Hello. My name is Faisal Khan.
I’m a banking and a payments consultant and today I’ll be explaining to you what a payment account is. A payment account is basically a pseudo bank. Its a pseudo bank account. It’s offered by a payment service provider or a non-banking financial institution that offers you pseudo banking services under their name. Example an FX broker could have an account with a bank they’ve had a relationship. They maintained it. They have all the compliance the KYC etc. and then they can offer a segregated name account underneath. If you are a service provider or a institution that is having a very difficult time in getting access to banking you may want to consider a payment account.
The basic operations of a payment account is very simple. No cash no checks. Electronic payments in. Electronic payments out. For all the in and the out, they charge a fee. So the fee could be something as low as a 15 20 basis points could be as high as 1 percent. But usually it hovers around 40 to 50 basis points. So half a percent is what you would be expected to pay off all the payments coming in and out. Whilst this may seem very expensive payment accounts are the go to solution because you can’t get access to banking. You have tried you’ve knocked on every door no one is giving you access to banking so payment account may just be your very best option.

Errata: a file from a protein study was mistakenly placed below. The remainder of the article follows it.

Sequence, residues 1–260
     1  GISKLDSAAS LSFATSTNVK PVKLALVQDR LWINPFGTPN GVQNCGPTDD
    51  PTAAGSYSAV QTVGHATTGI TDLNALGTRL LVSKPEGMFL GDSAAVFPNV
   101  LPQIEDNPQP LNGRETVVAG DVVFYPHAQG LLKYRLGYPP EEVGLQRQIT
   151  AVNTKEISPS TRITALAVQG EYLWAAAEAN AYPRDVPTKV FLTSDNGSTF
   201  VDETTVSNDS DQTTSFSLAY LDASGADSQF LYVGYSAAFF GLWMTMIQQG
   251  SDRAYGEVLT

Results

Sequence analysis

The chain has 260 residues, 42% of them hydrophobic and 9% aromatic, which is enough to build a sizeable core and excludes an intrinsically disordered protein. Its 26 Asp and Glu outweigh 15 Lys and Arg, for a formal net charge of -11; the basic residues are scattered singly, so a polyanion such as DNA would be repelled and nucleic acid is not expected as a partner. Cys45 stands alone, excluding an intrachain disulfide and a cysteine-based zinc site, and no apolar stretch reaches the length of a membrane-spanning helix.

Traditionally offered by FX brokers they are now being offered by all sorts of non-banking financial institutions, you have payment service providers your payment processors your money services businesses that are now offering payment accounts you have FX brokers in themselves payment companies that are offering payment accounts and it’s not a bad option to look at. Yes agreed. There is a fee that you have to pay but it’s not a bad options to look at provided you know you don’t have access to regular banking. So payment account may just be a savior.
If you have any more questions or comments feel free to ask below in the comments below. And I’ll be happy to answer. Take care.
This page was last updated on September 1, 2022.